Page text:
my 10 parts were solid, and would wear well. I had not been long

at the university, before I distinguished myself by a most profound silence; for, during the space of eight years, excepting in the public exercises of the college, I scarce uttered the quantity of an hundred words; and indeed do not remember that I ever spoke three sentences together in my whole life. Whilst I was in this learned body, I applied myself with so much diligence to my studies, that there are very few celebrated books, either in the learned or the modern tongues, which I am not acquainted with.

Upon the death of my father, I was resolved to travel into foreign countries, and therefore left the university, with the character of an odd unaccountable fellow, that had a great deal of learning, if I would but shew it. An insatiable thirst after knowledge carried me into all the countries of Europe, in which there was any thing new or strange to be seen; nay, to such a degree was my curiosity raised, that having read the controversies of some great men concerning the antiquities of Egypt, I made a voyage to Grand Cairo, on purpose to take the measure of a pyramid;

and as soon as I had set myself right in that particular, returned 30 to my native country with great satisfaction.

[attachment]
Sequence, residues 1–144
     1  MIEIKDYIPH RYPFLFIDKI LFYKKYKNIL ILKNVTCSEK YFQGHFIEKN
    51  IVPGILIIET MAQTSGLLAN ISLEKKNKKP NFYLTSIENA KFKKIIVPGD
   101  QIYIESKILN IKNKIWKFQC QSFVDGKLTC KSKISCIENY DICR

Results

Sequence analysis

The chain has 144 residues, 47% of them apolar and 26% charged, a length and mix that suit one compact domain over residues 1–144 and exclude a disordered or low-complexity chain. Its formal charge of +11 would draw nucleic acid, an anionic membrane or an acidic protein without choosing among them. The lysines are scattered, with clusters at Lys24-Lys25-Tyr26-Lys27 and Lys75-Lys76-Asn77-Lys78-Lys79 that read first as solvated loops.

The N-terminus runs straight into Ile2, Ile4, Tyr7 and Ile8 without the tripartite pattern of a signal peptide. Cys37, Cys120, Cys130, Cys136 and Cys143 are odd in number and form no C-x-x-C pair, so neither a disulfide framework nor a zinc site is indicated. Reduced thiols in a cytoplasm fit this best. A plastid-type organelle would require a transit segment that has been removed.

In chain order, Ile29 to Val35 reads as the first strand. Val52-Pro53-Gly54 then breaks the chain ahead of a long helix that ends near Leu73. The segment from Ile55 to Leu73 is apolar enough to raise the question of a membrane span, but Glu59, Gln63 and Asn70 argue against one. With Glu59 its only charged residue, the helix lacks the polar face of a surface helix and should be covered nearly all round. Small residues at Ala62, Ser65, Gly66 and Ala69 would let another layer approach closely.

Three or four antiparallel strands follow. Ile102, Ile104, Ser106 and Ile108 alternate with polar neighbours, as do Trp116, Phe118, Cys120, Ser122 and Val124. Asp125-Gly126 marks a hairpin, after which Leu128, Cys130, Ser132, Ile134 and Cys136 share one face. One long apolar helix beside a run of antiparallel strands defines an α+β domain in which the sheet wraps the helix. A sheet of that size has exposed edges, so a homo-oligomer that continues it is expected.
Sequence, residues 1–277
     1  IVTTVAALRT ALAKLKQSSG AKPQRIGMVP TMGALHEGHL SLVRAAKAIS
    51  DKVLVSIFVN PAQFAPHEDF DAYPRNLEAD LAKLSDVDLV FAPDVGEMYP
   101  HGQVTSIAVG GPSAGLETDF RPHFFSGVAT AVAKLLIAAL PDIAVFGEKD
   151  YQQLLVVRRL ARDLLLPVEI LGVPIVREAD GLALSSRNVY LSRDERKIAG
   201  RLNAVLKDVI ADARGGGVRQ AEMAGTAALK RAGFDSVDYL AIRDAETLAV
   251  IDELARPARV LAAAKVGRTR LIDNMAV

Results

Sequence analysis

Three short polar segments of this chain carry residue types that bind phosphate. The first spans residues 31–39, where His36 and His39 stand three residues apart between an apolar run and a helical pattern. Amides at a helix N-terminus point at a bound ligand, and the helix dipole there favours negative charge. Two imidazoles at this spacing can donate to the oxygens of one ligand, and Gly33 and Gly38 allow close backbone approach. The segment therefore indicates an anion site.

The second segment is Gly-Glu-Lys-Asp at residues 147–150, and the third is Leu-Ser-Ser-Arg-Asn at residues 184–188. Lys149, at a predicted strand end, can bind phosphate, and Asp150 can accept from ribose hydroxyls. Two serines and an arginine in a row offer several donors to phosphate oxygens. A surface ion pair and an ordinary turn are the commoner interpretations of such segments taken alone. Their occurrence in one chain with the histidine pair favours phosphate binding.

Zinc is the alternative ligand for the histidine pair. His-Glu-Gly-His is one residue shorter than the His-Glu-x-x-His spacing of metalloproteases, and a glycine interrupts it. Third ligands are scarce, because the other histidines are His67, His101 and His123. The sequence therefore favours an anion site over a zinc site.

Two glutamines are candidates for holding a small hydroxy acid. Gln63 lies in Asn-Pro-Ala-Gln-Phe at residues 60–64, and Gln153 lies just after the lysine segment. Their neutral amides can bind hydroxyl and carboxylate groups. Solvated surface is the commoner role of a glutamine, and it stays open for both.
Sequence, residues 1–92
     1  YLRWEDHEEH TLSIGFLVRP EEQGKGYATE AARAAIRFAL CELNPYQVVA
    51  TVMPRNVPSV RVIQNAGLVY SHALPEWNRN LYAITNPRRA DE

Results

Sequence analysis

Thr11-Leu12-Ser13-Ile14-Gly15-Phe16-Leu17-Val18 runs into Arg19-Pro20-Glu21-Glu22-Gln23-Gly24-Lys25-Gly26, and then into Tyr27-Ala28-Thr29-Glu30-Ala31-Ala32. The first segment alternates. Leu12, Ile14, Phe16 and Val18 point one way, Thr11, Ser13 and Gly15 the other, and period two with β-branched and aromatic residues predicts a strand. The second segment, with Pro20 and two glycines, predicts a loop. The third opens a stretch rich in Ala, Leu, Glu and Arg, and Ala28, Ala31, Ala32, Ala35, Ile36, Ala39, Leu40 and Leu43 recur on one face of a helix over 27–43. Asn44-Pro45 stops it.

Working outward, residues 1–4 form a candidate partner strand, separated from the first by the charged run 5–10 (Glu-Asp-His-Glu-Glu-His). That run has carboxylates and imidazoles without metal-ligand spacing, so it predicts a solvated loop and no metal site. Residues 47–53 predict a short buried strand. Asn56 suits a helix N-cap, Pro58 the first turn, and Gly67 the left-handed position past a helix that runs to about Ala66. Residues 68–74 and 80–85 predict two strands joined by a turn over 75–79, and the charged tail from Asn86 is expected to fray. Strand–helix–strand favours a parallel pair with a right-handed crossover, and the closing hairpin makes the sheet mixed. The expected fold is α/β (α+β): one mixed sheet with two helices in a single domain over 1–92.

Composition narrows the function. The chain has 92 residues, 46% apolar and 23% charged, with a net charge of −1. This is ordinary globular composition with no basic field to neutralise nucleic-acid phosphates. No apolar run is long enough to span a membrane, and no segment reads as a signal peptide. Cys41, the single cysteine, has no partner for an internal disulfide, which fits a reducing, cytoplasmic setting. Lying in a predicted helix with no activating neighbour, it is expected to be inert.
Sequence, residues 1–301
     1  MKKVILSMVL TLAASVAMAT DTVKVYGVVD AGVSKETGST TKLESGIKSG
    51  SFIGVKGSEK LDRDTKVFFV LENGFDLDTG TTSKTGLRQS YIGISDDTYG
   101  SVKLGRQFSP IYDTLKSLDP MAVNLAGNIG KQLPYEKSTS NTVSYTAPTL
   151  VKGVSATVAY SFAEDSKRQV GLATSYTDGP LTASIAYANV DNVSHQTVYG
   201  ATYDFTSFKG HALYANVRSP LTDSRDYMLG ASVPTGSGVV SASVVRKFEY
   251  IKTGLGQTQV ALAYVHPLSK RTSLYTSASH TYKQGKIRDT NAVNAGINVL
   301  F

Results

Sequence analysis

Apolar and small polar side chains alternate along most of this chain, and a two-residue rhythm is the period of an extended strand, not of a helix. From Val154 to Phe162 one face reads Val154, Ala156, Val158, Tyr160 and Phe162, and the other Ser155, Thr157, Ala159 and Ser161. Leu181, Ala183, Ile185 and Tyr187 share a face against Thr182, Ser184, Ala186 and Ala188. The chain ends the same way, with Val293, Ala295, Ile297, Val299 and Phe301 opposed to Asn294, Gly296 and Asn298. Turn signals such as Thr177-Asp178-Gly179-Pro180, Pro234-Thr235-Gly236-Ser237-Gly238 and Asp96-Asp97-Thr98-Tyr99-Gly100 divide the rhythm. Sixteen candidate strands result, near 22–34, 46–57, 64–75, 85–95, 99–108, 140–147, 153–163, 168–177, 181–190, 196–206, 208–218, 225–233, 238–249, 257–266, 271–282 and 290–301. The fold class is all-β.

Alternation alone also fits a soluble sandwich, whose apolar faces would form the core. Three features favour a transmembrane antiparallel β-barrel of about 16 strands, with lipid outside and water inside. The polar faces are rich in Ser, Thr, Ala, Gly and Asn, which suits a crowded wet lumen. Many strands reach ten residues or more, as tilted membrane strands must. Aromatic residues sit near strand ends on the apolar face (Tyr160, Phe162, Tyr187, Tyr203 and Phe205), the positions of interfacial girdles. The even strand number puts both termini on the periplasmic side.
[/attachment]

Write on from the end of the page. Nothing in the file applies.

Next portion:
I have passed my latter years in this city, where I am frequently seen in most public places, though there are not above halfa-dozen of my select friends that know me; of whom my next paper shall give a more particular account.

There is no place of general resort, wherein I do not often make my appearance: sometimes I am seen thrusting my head into a round of politicians, at Will'sn,* and listening with great attention to the narratives that are made in those little circular aydiences. Sometimes I smoke

* A note on each passage distinguished by this o will be found at the end of the volume.



a pipe at Child's, and whilst I seem attentive to nothing but the postman, overhear the conversation of every table in the room. I appear on Sunday nights at St. James's coffeehouse, and sometimes join the little committee of politics in the inner room, as one who comes there to hear and improve. My face is likewise very well known at the Grecian, the Cocoa-tree, and in the theatres both of Drury-lane and the Hay-market. I have been taken for a merchant upon the exchange for above these ten